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December 22, 2008 |

By Dustin Rowles | Books | December 22, 2008 |

Ask anyone what they thought of the infamous voicemail between Alec Baldwin and his daughter, Ireland; they’d probably tell you that he’s an asshole. Make no mistake, our modern media can be quite quick to judge celebrities and their divorces, leading to snap judgements from the rest of the world. (One woman actually yelled at him, “Why don’t you call your daughter, you asshole?!” as he walked by a sidewalk cafĂ© in New York.) I’ll admit, when I first heard the call I thought it was a sign of deficient character myself. It sounded like Alec Baldwin playing a good prick again, only this time it was for real. However, if the world knew what anyone who’s read A Promise to Ourselves knows, they’d be a little more forgiving. After all, if you were getting a divorce and the only contact you had with your kid was a phone call, you’d be pissed too if the system kept trying to screw you out of it.

Right from the start of A Promise to Ourselves, Alec Baldwin makes his intentions clear. The first line says it all, “I never wanted to write this book. Although my experiences with judges, lawyers, and court-ordered therapists during my own high-conflict proceedings left me outraged over the injustices I believe are endemic to the family law system in our society, I had no desire to revisit them.” Indeed, it reads like a book he never wanted to write, and that is meant as a good thing. He doesn’t seem to take any particular pleasure in writing about how he came to fall in love with, and then become engaged in a nasty divorce with, Kim Bassinger. (He simply refers to her as “Kim” or “my ex wife” in the book.) He knows that the world has filled in on the back story; he knows that everyone who’s anyone knows what happened; and he knows that his job in the book is merely to tell his side of the story. Later in the introduction, he further makes his intention clear: “What follows will disappoint those who hope to find a gossipy, salacious tale of a show business marriage gone wrong.”

Instead of writing what was probably expected to be a “Hollywood” memoir, Mr. Baldwin has actually written what reads like part memoir, part “How To” book, and part clinical term paper. (Chapter 6 is a clinical breakdown of “Parental Alienation Syndrome.”) It sounds like a weird combination, but it works very well when it comes to recounting the blow-by-blow of one of the most troubled divorces of modern Pop Culture history. It might come as a surprise to some, but Baldwin remains classy throughout the book. The only anguish he really goes into detail about, the only anguish he’s writing his cautionary tale about is that of his separation from his daughter. A separation that was caused by a legal system that is self preserving and impersonal by the descriptions it’s given in this book, and a separation that caused his career to suffer, thanks to his scheduled visits to therapists and his daughter. (There’s finally something to blame the failure of The Cat in the Hat on, besides Mike Meyers.)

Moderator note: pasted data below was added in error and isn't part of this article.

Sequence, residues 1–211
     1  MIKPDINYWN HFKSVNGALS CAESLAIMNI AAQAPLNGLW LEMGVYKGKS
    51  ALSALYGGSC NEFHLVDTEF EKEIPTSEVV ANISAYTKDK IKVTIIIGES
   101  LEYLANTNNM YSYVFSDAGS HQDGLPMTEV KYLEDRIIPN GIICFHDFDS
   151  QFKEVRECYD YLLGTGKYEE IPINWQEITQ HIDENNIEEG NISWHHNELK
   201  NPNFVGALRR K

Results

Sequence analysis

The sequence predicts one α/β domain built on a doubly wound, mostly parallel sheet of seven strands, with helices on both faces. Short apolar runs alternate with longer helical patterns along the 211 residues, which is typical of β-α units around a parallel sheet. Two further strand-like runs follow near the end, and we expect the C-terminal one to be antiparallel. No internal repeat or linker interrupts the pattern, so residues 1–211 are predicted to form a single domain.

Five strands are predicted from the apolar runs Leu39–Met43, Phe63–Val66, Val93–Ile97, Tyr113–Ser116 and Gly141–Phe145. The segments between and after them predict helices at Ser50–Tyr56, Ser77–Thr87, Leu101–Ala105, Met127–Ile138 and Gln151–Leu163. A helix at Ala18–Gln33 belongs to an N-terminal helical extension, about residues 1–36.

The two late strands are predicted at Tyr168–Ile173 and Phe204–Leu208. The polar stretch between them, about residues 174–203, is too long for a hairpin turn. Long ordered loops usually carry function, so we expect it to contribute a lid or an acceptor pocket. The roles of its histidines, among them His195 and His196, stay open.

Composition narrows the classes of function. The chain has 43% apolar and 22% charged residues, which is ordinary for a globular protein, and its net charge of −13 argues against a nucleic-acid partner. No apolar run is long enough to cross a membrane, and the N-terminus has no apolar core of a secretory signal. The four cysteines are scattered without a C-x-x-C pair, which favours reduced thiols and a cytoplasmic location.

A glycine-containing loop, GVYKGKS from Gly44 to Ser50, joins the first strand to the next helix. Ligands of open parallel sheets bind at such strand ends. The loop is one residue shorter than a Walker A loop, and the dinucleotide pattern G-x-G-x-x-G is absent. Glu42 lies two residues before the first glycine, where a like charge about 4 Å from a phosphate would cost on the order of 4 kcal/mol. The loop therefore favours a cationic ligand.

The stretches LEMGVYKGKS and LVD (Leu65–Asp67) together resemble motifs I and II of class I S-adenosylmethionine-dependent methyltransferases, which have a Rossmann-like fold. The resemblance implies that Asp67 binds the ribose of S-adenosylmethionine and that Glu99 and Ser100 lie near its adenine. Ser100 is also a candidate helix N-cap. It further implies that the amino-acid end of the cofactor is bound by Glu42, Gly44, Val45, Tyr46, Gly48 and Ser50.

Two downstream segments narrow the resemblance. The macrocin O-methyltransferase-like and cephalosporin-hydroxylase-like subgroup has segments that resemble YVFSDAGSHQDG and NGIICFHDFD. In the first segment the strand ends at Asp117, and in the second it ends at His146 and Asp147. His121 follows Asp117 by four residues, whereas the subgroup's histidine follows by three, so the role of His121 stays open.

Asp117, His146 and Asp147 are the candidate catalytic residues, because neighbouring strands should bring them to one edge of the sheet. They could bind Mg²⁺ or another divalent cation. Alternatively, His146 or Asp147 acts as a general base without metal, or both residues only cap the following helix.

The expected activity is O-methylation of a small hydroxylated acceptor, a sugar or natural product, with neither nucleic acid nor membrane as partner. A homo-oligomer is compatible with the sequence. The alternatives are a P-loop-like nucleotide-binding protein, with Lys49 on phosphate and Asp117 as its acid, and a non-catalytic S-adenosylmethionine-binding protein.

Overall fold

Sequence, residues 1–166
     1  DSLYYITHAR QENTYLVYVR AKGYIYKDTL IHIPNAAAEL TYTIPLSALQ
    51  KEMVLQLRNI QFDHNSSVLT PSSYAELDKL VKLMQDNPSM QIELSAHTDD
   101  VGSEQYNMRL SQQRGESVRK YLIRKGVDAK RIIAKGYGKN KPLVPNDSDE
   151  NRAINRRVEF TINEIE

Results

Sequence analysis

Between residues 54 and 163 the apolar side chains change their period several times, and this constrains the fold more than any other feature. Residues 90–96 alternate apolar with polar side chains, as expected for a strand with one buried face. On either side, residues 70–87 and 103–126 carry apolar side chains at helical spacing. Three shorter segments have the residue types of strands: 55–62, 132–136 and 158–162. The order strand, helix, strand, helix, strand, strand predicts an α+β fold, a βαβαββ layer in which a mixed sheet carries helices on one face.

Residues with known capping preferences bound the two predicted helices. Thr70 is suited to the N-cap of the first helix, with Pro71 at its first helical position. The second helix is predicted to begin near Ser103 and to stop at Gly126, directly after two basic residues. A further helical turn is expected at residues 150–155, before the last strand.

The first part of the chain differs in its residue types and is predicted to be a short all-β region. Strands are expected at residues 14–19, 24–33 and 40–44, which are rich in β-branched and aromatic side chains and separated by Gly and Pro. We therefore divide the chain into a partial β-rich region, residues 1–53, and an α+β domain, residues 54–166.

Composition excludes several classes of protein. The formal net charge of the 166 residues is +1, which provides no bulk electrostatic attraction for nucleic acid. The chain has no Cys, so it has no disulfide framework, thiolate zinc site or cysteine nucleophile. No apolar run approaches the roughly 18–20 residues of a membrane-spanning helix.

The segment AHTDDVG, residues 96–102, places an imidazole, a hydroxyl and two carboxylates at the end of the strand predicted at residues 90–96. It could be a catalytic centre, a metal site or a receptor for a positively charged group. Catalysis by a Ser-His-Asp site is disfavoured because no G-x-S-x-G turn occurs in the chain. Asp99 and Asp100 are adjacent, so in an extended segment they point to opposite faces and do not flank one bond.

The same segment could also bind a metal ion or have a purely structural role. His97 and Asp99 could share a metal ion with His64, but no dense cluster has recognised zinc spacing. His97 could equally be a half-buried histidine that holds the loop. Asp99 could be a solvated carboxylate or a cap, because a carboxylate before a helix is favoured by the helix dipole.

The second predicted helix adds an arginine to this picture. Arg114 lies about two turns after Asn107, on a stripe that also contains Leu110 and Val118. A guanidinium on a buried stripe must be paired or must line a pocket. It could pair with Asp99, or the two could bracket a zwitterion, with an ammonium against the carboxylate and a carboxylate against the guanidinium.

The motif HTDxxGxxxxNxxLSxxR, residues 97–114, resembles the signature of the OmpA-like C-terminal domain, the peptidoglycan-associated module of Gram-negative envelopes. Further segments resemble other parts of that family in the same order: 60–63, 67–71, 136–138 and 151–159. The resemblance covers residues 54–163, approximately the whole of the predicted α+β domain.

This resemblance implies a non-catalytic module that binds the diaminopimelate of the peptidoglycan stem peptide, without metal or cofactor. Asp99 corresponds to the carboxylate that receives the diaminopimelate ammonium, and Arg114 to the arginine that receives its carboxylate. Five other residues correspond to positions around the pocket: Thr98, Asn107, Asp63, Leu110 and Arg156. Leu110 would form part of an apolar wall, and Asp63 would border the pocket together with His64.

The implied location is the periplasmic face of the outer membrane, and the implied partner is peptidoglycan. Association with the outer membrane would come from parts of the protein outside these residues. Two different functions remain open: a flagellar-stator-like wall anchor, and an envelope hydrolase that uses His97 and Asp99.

By the end of the book, we’ve been privy to stories of how mediation is the best course of action for divorce; how divorce lawyers range from “scum of the Earth” to “guardian angels,” and the very thin difference between the two. The California Family Law system is made out to be a funhouse, and Alec Baldwin is like Orson Welles at the end of The Lady from Shanghai. (Which, oddly enough, starred Orson Welles and Rita Hayworth … another couple ended at the hands of bitter animosity.) Above all else, Baldwin reminds us that in the end this book isn’t going to do anything to recover that time that he lost with his daughter. The best he can do is move on and hope that in time, she will understand the ugly, ugly situation she was put into.

Divorce is never easy to deal with, no matter how you approach it, and sometimes the material in this book is very dry reading. If you’re a law student with a special interest in Family Law proceedings, this is perfect for research purposes because not only does it offer a full personal account of such proceedings, it also cites several good articles on the matters of divorce and in particular PAS. For the reading public, it’s certainly not a beach read. Again, this isn’t a typical Hollywood memoir about how it is to work on the set of “30 Rock,” or how his performance in Glengarry Glen Ross is now standard monologue fair for rising actors. This isn’t a book about the craft, it’s an intimate memoir that hopes to help others avoid the horrid state of affairs that were showcases in a years long divorce. If you want the other side of the Baldwin / Bassinger slug fest that was their divorce, and don’t mind wading through a little legal and psychological research, then I would definitely recommend A Promise to Ourselves. It’s a relatively short book, and it encompasses a lot of life lessons that were learned during this horrific time in Mr. Baldwin’s life. Like him or not, this book is his way to try and help solve the problem of messy, bitter divorces, or at the very least reduce the number of them.

This review is part of the Cannonball Read series. Details about here and the growing number of participants and their blogs, from which these reviews are pulled, are here. And check here for more of Mike R.’s reviews.

Cannonball Read / Mike R.

Books | December 22, 2008 |

Dustin is the founder and co-owner of Pajiba. You may email him here or follow him on Twitter.

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